Eyes That See

“I Once Was Blind”

More on Obadiah

I recently blogged a bit about Obadiah (here and here).

What I was unsatisfied with about both my paper that I did last semester on Obadiah and the two blogs was that I have proved inept at tying Obadiah together with the most important part of the Gospel, our Lord and Savior Jesus Christ. 

When I first read Obadiah, some things stuck out and reminded me of the crucifixion of Jesus.  Most notably the mention of “casting lots” in verse 11:

“On the day that you stood aloof,
   on the day that strangers carried off his wealth
and foreigners entered his gates
   and cast lots for Jerusalem,
   you were like one of them.”

However, since the passage refers to Isreal, I did not attempt to relate it to Jesus.  Thankfully, Dr. Russell D. Moore ducked into a phone booth and came to save the day.  In “Beyond a Veggie Tales Gospel: Why We Must Preach Christ from Every Text,” Dr. Moore says that Jesus

“relives the story of Israel itself–exiled in Egypt, crossing the Jordan, being tempted with food and power in the wilderness during a forty-day sojourn there. Jesus applies to Himself language previously applied to Israel and its story–He is the vine of God, the temple, the tabernacle, the Spirit-anointed kingship, the wisdom of God Himself.”

 With this understanding of the Bible in mind, the Christological implications of the book of Obadiah practically jump off the page and slap you in the forehead!


Edom’s violence toward Israel was most astonishing because they were, nationally speaking, “brothers”- in the sense that the founding fathers of both nations, Esau/Edom and Jacob/Israel, were brothers.  Similarly, the violent obscenity that is the Cross is most astonishing when we realize that not only was Jesus the promised Messiah and Savior of the Jews, but He also was Himself a Jew.  So when verse 10 of Obadiah says, addressed to Edom, “because of violence done to your brother Jacob,” we can address Israel with a similar statement: “because of violence done to your brother Jesus.”  With some slight variations to make the analogy work (i.e. “wealth” to possibly “life,” since Jesus had no earthly wealth), verses 10-14 can be read as a typological prophecy of Jesus:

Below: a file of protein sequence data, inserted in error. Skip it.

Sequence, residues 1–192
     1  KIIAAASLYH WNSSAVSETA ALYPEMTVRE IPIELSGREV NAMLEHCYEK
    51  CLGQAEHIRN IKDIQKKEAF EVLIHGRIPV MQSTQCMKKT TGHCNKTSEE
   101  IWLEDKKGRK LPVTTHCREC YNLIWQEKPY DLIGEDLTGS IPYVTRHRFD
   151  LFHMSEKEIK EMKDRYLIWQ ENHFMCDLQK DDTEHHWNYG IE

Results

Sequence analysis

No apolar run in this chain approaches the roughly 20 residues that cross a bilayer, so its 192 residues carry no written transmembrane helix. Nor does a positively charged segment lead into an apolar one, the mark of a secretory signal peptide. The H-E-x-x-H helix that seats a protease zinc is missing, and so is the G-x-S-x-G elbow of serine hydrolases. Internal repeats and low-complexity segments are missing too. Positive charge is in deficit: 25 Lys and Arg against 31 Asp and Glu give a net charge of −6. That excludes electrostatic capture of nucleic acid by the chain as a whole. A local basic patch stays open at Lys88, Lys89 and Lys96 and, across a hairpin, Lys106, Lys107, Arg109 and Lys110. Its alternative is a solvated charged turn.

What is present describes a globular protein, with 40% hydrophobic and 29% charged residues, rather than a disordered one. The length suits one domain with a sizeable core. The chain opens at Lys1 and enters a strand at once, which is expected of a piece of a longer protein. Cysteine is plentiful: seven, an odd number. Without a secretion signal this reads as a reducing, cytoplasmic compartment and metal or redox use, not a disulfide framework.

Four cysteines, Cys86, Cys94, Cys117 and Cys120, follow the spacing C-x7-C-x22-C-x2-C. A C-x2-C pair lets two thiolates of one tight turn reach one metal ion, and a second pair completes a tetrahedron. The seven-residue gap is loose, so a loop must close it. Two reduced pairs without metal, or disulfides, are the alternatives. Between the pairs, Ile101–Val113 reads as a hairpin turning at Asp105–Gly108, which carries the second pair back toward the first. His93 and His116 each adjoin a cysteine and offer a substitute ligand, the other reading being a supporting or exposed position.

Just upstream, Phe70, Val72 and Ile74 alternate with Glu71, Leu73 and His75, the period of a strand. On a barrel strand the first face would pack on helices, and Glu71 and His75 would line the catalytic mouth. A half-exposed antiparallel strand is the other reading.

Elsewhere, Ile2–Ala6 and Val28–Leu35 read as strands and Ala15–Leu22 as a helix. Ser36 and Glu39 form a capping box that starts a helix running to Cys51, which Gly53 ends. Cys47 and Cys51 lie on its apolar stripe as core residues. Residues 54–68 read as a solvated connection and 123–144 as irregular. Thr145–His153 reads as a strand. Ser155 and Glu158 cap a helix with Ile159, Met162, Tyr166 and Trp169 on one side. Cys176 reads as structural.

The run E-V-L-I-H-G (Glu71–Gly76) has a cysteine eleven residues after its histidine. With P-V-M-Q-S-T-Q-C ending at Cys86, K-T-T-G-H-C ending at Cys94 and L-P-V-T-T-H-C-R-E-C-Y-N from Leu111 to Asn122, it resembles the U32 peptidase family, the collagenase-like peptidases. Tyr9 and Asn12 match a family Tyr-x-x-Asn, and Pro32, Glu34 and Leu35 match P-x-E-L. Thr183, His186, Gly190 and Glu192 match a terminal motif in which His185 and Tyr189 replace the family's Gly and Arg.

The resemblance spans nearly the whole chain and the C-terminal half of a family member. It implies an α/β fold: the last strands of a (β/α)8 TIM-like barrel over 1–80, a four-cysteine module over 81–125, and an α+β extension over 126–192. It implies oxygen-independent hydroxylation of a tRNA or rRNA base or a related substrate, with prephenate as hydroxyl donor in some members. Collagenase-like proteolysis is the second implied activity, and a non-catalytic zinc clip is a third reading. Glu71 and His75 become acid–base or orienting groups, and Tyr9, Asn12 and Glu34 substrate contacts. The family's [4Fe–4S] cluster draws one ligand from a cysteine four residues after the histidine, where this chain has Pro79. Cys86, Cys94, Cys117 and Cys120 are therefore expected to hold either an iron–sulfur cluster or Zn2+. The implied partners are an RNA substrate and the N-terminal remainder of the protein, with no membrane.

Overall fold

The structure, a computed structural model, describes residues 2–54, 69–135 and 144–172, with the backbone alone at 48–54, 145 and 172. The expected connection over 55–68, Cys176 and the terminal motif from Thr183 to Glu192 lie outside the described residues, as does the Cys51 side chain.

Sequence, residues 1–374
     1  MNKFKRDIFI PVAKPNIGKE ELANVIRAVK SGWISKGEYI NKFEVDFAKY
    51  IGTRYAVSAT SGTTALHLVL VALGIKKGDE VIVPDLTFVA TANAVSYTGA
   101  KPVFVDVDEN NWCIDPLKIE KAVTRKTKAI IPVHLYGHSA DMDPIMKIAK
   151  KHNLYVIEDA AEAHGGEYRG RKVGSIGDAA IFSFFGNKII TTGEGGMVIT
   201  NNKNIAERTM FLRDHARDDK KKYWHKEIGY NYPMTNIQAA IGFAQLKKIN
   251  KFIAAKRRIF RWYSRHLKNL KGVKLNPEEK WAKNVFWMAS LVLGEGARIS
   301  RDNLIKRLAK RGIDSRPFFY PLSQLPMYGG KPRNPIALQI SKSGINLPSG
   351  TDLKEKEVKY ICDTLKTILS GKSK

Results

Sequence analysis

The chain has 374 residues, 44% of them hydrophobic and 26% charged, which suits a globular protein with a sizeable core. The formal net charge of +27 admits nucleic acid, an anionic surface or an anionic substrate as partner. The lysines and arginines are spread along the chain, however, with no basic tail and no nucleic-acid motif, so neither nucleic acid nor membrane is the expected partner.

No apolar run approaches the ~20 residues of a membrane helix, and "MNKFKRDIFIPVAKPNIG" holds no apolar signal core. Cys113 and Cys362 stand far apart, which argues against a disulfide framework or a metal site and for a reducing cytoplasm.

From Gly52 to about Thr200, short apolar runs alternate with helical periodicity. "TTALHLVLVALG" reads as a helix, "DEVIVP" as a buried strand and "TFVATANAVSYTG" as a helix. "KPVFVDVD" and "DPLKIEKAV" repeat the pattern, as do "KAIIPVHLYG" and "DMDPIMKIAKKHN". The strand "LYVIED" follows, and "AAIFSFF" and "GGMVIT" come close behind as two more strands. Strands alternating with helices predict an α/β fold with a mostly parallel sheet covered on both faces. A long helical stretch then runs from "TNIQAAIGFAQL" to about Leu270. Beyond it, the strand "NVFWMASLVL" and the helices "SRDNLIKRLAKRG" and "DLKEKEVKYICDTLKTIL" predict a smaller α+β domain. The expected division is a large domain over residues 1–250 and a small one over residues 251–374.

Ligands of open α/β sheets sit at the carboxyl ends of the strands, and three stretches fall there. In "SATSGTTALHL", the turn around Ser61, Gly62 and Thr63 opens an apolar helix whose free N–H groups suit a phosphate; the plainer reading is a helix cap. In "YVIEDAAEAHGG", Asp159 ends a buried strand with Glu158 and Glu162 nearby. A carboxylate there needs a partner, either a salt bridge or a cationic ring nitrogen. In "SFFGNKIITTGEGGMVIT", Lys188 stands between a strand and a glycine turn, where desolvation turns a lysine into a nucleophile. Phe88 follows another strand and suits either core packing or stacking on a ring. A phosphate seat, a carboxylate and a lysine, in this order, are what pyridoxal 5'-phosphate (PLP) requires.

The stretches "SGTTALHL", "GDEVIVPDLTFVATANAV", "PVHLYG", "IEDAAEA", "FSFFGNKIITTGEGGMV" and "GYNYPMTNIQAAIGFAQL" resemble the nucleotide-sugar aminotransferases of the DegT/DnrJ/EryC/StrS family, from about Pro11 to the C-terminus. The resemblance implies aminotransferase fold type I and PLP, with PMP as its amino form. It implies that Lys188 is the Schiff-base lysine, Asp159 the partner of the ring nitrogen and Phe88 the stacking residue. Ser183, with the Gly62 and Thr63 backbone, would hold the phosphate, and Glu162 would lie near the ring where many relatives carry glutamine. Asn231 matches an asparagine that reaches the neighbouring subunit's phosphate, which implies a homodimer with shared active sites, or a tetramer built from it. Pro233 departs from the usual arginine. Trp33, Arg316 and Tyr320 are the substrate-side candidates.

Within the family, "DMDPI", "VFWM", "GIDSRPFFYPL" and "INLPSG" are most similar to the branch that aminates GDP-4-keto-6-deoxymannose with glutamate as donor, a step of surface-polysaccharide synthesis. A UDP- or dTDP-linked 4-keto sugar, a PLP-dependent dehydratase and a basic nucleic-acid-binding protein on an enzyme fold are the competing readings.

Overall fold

“10 Because of the violence done to your brother Jacob,
   shame shall cover you,
   and you shall be cut off forever.
11 On the day that you stood aloof,
   on the day that strangers carried off his wealth
and foreigners entered his gates
   and cast lots for Jerusalem,
   you were like one of them.
12 But do not gloat over the day of your brother
   in the day of his misfortune;
 do not rejoice over the people of Judah
   in the day of their ruin;
 do not boast
   in the day of distress.
13 Do not enter the gate of my people
   in the day of their calamity;
 do not gloat over his disaster
   in the day of his calamity;
do not loot his wealth
   in the day of his calamity.
14 Do not stand at the crossroads
   to cut off his fugitives;
do not hand over his survivors
   in the day of distress.”


July 20, 2008 Posted by | Christ, Jesus, Obadiah, Typology | Leave a comment